When I arrive at Carmucia-Cortona, the station is nearly abandoned, not even a biglieterria, there’s a taxi stand but no taxis. The only other person is a sullen-looking teenage girl. I call the hotel, mixing up the hotel and the taxi numbers, and speak to the clerk at the hotel thinking he’s a taxi dispatcher, then am annoyed when he can’t tell me exactly when a cab will arrive. But we get it sorted out, and eventually a gentleman drives up and inquires whether I’m going to B&B Dolce Maria, the bed and breakfast I have reservations at, so I know he’s not just a random creeper.
He drives, up, up, up, hills and we enter the walled city of Cortona, turning down streets so narrow I have no idea how he is manuevering this large van through the space.
We arrive at Via Fontebella, in front of a door that has almost no distinction other than its blue color and a sign taped to the front. A woman leans out the window and confirms we are in the right place.
I go up two flights of dim steps and enter what looks like a small breakfast area, where Paola, the owner and proprietress, checks me in by hand, notes my upcoming birthday (berat-day, she pronounces it), and gives me a map of the city before showing me up to my room. It is palatial compared to some other rooms I’ve had. There’s an alcove with two twin beds, an armoire, a table with two chairs and a queen bed. The door locks from the outside and inside with a brass skeleton key.
I head out, just in time to see the sunset, but my camera battery dies just as the sun is descending, so I catch the last glimspes of it. This is when I learn the vitality of having spare batteries out of the package, because apparently Energizer is packaged by the same people who built Fort Knox. Also, the sun goes down quickly.
I walk around but whether it’s a lack of sleep thing or what, the sense of adventure I had this morning in Assisi seems to be eluding me a little bit here, at least tonight. I feel more timid. I’m still inclined to go up and down the narrow vicoli, but not as much as I was earlier. I’m not quite content to retrace my steps on main streets, but I don’t not do it.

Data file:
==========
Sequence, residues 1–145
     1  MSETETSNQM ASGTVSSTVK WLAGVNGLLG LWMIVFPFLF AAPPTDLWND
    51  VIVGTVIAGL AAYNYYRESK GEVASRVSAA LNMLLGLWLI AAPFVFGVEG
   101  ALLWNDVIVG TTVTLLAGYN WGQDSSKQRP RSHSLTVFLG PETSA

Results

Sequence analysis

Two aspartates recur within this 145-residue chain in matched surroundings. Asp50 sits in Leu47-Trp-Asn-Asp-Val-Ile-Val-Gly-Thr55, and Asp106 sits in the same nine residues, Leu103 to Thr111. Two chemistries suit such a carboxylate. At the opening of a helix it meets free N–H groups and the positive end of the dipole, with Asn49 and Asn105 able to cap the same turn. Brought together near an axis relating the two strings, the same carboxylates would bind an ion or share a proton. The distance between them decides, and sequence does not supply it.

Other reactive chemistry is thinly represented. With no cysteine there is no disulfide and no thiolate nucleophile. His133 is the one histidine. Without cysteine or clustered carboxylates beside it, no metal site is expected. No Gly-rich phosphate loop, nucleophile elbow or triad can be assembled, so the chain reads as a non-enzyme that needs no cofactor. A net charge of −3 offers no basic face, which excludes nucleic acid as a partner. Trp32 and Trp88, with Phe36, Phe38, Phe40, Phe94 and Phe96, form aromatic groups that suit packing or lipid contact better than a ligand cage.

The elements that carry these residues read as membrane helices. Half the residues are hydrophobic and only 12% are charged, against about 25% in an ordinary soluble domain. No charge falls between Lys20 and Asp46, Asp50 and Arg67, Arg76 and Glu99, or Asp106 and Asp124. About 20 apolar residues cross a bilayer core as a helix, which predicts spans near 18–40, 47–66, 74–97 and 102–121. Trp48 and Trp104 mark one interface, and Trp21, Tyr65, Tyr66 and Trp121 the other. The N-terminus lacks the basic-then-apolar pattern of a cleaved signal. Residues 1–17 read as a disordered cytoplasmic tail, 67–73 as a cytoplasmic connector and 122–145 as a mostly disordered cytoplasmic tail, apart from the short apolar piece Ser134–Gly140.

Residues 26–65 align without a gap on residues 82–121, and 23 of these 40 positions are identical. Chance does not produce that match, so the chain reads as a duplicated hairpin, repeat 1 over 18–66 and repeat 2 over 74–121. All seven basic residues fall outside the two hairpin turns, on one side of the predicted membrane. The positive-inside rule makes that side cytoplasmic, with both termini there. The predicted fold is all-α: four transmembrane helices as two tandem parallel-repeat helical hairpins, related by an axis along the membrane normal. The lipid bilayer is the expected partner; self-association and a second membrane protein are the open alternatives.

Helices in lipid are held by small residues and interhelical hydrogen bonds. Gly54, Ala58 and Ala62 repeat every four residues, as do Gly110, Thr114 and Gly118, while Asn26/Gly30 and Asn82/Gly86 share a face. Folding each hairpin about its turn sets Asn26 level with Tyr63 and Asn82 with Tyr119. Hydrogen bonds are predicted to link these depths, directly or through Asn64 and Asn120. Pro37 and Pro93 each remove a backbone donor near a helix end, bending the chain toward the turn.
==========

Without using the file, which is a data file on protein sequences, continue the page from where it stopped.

I am determined to find a restaurant that serves fava beans and pecorino, but to no avail, so I find my way back to the restaurant that’s attached to the hotel, run by Paola and her husband. It’s half-full and there’s a fireplace. It ends up being perfect. I say “vegetariana,” hoping I have the word right, and they bring me ribollita, an all-vegetable antipasti dish, and a salad of fennel and blood oranges with balsamic vinegar and olive oil. I’m borderline exhausted and my feet hurt, so the homey atmosphere is just what I need.
My only quibble is the small language block I have when I try to ask directions to a ladies’ room and learn that “lavatory” or “restroom” do not translate. I don’t really care to ask the location of the “toilet,” it just seems a little crass to me. Oh, well.
My tiredness must be written on my face, because Paola comes over and tells me she’ll make me dessert to take up to my room. She brings over a dish piled with chocolate chip and almond cantucci — small, hard biscotti-like cookies – and sends me on my way. I make my way upstairs, where I drag the nightstand into the bathroom and turn that into a bench and the bidet into a foot bath. By 9:30, I’m in bed. Tomorrow will be another early day….